Family law attorneys may spend hours every day coping with people who are deeply unhappy and distraught. What can we do to cope?
If you practice family law for any length of time, you are likely at some point to experience secondary trauma. The massive changes our society has undergone, and is still undergoing, have affected families—and therefore family law—more than any other legal practice area and will continue to do so. We already experience stress from the constant adjustment of our methods and practices to deal with new situations, some of which are not yet adequately covered by current law. Consider for a moment:
- The advent of same-sex marriage and same-sex divorce, as well as the continued challenges same-sex couples still face.
- New kinds of blended families that may include his, her and their children, as well as both biological and adopted children.
- Families from other countries that may have children and property here and abroad and have radically different marriage (and divorce) customs in their countries of origin.
- New kinds of methods of reproduction, including in vitro fertilization and the use of surrogate mothers, which are also being challenged by new legislation.
- The heightened friction and polarization in society, which is bleeding into families and the work of those who serve families.
Now, on top of all that, we are dealing with many clients who are going through one of the worst experiences of their lives. Our clients and their soon-to-be exes are naturally emotional and upset. We may spend hours every day coping with people who are deeply unhappy and distraught.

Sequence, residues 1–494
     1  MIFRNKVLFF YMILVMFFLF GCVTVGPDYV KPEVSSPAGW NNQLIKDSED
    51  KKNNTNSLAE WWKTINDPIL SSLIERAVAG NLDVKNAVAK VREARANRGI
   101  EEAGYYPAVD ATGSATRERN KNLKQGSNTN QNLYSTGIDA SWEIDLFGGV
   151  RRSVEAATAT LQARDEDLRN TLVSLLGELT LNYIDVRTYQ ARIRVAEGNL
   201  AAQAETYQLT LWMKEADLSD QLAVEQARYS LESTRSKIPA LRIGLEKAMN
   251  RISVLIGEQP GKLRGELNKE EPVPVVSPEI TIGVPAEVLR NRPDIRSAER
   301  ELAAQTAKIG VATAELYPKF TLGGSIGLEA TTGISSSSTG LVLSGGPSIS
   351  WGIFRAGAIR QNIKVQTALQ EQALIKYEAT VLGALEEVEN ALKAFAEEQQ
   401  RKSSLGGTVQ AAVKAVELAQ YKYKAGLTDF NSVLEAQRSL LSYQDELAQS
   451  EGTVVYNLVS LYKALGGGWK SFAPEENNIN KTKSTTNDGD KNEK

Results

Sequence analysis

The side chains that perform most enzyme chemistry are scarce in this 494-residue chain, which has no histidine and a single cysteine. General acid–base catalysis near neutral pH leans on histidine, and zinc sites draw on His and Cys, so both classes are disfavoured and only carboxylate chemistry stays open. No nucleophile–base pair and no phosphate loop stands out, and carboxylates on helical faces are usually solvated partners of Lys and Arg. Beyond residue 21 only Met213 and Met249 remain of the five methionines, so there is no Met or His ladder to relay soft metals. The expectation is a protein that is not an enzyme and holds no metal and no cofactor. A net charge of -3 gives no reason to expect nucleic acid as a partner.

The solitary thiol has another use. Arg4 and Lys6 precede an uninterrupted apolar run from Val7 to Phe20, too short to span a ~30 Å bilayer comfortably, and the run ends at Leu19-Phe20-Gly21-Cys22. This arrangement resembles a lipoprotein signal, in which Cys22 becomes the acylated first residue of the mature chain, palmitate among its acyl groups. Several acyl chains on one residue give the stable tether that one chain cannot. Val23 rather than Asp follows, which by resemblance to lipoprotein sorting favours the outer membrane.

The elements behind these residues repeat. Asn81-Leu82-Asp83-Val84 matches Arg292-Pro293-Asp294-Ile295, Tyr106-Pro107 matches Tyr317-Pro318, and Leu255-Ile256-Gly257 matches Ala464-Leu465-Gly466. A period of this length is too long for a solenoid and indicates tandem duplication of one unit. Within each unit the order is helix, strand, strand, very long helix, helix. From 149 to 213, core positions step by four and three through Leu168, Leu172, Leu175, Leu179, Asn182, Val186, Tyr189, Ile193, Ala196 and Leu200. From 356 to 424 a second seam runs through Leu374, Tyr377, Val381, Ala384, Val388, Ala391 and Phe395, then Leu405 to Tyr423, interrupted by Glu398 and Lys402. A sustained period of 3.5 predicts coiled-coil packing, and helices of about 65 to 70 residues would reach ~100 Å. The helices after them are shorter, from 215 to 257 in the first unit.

We also sometimes encounter stories that are really difficult to hear. Our clients may tell us about domestic manipulation and abuse, the mistreatment and abuse of children, and threats of violence or actual violence. About 10 years ago, one of my clients, a 44-year-old, much-beloved veterinarian, was murdered by her almost ex-husband over Memorial Day weekend. This man had been controlling but had never been violent before. A strict restraining order had been granted against him when he brought a gun to her office, but it did not save her. He violated the order, infiltrated his way into her backyard and then shot her and himself while their children were home.
I think you can imagine how painful that was for everyone who knew her. It was especially difficult for me to process because we were so close to the finish line with her divorce.
That is an extreme example of secondary trauma, of course, but I think every family lawyer who reads this article can immediately recall situations with clients that were very upsetting, even though the repetition of exposure to trauma may seem slight compared to a murder-suicide. How do we react? How does recurrent secondary or vicarious trauma affect our practice and our life outside of work?
According to a 2020 review of research on the subject by Colin James, “Towards trauma-informed legal practice: a review,” that appeared in Psychiatry, Psychology and Law, lawyers can suffer the classic effects of post-traumatic stress disorder as a result of secondary trauma. These may include: